We have been capturing references to robots and their impact on the labour market. We believe that the trend to displace human workers will continue across ever more industries. Targets are high paying and simple routine jobs. The trend will continue as robotics costs decline and labour market costs – wages and benefits – increase. We are already seeing robots appearing in fast food restaurants offsetting increases in minimum wages.
People argue that low-paying jobs may be eliminated but high-paying highly skilled jobs will be created. While undoubtedly true, the numbers are asymmetrically biased against the low-paying jobs, the labour pool for which is growing due to our immigration policies and the decline of the educational system. The social impact is the area to be concerned about.*
People will buy a Big Mac served by a robot instead of a person if it is cheaper. And the people that argue we should simply boycott this trend are irrelevant. They lost the battle of Walmart against the downtown core of small-town America and they will lose this one.
China Is Building An Army Of Worker Robots: China plans to introduce large number of robots leaving the question of what they do with the displaced workers. The same question is one we face. Let’s see who is forced to find an answer first.
Are Robots Taking Our Jobs? There is no reason to believe jobs lost will be compensated for by new jobs created. What is clear is that the disparity of wealth will grow under automation.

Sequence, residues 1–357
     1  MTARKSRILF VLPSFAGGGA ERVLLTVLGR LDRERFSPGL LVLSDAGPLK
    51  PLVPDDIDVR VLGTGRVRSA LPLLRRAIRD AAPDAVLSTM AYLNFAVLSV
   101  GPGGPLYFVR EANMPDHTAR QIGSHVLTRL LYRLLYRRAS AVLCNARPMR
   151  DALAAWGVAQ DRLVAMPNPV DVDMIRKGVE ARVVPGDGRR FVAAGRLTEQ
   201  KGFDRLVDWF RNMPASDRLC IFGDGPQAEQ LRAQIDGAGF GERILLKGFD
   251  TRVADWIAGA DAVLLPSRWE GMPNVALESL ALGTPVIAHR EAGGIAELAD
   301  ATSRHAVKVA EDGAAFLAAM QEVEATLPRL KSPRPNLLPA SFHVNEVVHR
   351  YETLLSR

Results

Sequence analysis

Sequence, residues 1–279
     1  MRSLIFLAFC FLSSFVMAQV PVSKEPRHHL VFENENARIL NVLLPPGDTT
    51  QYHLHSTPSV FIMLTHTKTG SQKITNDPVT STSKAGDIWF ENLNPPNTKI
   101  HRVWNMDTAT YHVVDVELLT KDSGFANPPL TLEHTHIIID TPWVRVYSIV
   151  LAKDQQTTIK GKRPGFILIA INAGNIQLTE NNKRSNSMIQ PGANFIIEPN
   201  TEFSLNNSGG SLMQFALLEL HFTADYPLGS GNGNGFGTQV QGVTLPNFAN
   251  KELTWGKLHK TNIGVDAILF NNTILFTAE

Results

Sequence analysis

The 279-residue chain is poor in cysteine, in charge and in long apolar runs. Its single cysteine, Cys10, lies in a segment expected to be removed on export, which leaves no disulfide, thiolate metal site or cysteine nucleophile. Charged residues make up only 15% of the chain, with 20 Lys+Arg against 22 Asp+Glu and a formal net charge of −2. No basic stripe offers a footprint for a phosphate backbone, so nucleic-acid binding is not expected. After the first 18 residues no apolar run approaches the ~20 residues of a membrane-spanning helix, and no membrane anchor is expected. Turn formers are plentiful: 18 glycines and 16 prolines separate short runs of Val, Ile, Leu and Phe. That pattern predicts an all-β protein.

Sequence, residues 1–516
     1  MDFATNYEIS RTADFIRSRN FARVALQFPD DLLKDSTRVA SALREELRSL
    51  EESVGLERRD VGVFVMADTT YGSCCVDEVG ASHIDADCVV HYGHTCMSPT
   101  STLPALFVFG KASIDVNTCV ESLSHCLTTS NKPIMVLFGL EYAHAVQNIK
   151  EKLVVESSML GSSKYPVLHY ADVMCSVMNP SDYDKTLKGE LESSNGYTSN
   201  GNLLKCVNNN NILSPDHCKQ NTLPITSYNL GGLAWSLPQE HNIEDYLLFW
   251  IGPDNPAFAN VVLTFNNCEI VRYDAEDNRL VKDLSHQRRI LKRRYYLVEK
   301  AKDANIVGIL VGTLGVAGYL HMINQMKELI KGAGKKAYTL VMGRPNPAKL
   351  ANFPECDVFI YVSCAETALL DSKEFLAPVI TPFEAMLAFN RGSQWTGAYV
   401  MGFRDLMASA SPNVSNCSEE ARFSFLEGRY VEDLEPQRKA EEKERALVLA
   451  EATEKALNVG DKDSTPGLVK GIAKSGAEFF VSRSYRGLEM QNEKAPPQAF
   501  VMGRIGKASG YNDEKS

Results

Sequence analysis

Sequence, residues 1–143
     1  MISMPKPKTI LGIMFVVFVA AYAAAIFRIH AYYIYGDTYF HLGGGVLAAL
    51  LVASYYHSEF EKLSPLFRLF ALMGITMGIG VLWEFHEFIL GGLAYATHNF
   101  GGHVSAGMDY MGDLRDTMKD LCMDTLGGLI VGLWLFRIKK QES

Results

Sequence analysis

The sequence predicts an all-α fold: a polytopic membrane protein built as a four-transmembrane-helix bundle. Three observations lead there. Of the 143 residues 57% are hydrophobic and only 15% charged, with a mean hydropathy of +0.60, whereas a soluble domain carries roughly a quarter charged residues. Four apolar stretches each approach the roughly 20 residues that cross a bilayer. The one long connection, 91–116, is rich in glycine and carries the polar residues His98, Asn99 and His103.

From a Brookings Institute conference, the chief economist of General Electric, Marco Annunziata, presents a paper that gives an overview of thr digital revolution on industry.The impact on future labour markets is sketchy. Read The future of work in the developing world.
From Zero Hedge: Will A Robot Steal Your Job?. The fundamental basis for introducing automation and robotics lies with macroeconomics or the cost of a human worker including benefits versus the amortized cost of automation for the same level of productivity.
This is an article on automation rather than robots. The significance is the reduction of workforce for increased production, the effect robots have economically. From Mish: Miracle Twinkies Comeback.
Here’s one for rail buffs. While not autonomous robots, these machines automate the process of upgrading rail tracks by removing old wooden ties and replacing them with concrete ties in one continuous process: 2-minute short take; 25-minute video; and another 17-minute video that catches other details missed in the previous videos such as laying rails. The point is that a set of tasks that was completely done by hand by rail gangs in the 19th century is almost fully automated today. Finally, a video of an American crew replacing ties: CSX MOW Crew Replacing Ties On The Old Main Line.
In The Old Models Of Work Are Broken, Charles Hugh-Smith discusses the type of job that an escape the commoditization process leading to automated and robotic systems to replace them.
This short piece by Charles Hugh-Smith, Disrupt Or Be Disrupted, discusses industries vulnerable to major economic disruption by new technologies, especially robotics.